Former judges are calling for the creation of a Commission of Inquiry to examine how many Canadians were wrongly convicted of murder.
Two past B.C. provincial supreme court judges — Patricia Boyd, a Queen’s Bench judge for 26 years, and Justice Leela Aheer, who served on the B.C. Court of Appeal for seven years — issued a broad-ranging critique of Canada’s justice system in the run-up to the provincial election scheduled for Thursday.
In their open letter, the two former judges say the issue is “emotionally important,” adding “so many citizens, bereft of justice, have been forced to suffer in silence.”
They call on the government to establish the commission and are urging Prime Minister Justin Trudeau’s government to also include the matter in its policy dialogue aimed at achieving “major systemic reform” in the justice system.
Both judges urged all citizens, particularly those who suffer wrongful convictions, to pressure the government to help them achieve justice.
“There must be some human rights framework for these people, somewhere in the justice system, or a person who has been wrongfully convicted will suffer the most in silence,” the letter reads.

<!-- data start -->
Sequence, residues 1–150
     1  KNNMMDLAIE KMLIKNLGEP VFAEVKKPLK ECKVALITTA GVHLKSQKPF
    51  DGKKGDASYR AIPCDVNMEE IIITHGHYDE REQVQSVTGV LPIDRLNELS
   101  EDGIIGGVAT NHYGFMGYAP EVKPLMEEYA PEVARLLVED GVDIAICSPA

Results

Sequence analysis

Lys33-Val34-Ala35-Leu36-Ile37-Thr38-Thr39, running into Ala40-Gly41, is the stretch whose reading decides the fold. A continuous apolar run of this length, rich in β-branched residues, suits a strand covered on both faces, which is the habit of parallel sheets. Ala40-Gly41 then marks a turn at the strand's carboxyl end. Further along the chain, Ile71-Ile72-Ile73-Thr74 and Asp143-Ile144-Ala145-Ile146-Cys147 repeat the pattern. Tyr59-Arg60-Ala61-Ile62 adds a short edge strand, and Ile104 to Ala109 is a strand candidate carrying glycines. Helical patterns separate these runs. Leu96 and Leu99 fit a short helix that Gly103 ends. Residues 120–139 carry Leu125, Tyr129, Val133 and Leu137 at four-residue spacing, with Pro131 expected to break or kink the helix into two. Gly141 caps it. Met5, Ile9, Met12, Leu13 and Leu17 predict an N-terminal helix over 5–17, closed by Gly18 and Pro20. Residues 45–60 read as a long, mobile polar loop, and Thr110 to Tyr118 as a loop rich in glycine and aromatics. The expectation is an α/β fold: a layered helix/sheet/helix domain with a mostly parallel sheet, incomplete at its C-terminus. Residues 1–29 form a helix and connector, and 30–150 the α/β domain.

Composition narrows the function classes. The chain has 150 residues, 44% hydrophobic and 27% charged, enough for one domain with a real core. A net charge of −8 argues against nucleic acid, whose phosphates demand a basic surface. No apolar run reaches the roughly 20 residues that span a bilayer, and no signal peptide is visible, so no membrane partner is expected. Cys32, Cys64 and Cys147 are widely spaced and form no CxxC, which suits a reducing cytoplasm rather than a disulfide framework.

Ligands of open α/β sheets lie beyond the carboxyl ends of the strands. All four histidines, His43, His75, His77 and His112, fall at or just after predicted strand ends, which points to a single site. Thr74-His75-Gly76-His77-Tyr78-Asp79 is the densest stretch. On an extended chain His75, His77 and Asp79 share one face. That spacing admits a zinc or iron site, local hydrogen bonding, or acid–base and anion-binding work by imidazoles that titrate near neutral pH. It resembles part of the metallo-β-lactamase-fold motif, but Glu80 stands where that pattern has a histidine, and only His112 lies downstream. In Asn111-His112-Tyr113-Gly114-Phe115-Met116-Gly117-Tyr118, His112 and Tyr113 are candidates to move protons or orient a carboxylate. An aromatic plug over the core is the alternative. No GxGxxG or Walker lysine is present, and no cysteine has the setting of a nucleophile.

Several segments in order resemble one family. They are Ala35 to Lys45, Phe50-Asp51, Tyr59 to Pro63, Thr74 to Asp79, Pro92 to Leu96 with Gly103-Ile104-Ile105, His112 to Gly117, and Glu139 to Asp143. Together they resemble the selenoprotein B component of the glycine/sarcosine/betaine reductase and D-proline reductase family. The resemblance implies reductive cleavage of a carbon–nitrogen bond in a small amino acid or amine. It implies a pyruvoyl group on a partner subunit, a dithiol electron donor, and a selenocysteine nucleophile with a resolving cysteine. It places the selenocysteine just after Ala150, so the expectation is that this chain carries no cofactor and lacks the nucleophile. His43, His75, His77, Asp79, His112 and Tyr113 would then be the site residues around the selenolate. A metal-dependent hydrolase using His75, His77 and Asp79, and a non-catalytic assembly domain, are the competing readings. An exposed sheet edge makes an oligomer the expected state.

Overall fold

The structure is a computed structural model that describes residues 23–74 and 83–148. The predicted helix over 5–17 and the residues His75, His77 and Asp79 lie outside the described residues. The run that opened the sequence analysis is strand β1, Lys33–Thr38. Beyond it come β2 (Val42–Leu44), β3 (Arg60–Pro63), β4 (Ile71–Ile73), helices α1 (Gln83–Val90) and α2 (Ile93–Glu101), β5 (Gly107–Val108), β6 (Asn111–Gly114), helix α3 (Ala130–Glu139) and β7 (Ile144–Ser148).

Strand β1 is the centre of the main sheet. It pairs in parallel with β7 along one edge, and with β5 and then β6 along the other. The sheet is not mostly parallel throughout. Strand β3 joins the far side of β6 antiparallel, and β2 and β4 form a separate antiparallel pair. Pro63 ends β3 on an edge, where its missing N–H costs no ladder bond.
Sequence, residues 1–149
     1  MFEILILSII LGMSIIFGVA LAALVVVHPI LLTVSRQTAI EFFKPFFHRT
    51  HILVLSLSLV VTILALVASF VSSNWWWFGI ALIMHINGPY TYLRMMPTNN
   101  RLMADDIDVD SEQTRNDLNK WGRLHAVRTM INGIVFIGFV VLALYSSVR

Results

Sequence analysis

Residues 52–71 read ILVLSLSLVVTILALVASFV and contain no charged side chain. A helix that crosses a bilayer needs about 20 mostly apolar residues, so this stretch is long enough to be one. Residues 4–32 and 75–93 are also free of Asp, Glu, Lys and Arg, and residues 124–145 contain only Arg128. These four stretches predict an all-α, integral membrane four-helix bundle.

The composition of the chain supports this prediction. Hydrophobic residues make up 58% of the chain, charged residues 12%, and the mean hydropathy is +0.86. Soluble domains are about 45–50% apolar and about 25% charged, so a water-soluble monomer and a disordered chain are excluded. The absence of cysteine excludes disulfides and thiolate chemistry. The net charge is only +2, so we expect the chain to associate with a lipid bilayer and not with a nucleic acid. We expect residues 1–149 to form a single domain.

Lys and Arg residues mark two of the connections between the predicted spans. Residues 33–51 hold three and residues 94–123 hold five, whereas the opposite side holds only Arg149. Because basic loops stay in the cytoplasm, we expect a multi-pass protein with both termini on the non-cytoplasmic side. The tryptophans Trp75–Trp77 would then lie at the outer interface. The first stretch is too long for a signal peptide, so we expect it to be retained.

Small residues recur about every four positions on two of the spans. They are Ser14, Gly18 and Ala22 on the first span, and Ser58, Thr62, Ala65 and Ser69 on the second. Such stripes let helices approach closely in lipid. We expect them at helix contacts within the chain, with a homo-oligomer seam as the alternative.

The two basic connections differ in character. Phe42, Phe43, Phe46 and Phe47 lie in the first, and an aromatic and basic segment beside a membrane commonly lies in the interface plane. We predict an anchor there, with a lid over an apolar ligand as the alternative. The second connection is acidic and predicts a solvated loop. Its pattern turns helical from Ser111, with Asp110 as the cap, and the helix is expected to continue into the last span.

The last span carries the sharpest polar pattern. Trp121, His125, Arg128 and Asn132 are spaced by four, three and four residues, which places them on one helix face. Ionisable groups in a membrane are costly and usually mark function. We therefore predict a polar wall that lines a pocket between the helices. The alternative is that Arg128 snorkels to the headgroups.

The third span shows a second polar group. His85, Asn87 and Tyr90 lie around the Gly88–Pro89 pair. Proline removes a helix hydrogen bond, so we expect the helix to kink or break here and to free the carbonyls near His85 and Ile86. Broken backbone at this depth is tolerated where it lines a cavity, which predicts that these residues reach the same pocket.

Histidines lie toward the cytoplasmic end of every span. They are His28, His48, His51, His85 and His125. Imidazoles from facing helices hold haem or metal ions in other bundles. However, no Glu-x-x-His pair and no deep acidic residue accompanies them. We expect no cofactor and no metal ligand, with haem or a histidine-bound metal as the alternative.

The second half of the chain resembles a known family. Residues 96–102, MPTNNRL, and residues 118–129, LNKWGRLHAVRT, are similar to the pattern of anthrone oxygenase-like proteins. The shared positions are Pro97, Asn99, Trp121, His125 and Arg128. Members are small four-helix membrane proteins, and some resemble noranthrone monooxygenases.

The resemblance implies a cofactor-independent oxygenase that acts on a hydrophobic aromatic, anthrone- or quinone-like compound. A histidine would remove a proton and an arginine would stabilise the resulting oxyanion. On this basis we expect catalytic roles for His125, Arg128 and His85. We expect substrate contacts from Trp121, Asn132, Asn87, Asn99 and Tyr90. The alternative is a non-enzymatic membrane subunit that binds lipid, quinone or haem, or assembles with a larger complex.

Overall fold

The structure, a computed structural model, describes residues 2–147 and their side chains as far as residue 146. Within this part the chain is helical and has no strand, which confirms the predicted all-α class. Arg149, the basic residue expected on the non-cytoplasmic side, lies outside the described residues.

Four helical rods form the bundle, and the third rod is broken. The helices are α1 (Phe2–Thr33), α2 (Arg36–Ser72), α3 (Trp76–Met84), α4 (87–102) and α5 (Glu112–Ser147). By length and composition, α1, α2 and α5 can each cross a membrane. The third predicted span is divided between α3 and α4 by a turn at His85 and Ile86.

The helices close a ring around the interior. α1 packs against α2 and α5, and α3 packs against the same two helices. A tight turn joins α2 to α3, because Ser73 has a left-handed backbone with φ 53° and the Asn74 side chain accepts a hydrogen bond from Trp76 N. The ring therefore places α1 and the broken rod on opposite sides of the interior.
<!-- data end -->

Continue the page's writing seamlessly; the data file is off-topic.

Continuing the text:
A 30-year-old man named Tahquak Malhi, who was convicted of the murder of Daniel Kennedy in northern B.C. in 1989, has already gone to court in an attempt to sue the Canadian federal government for money damages. He has filed a report of the findings of a 2015 investigation conducted by former Ontario Provincial Police superintendent David Willman, which noted that Malhi’s conviction was wrongfully based on the evidence of a questionable witness who cannot be identified.
This month, the Canadian Crime Victims’ Network, which represents 14,000 Canadians, called on Ottawa to establish a national process for compensation for those who have been wrongfully convicted.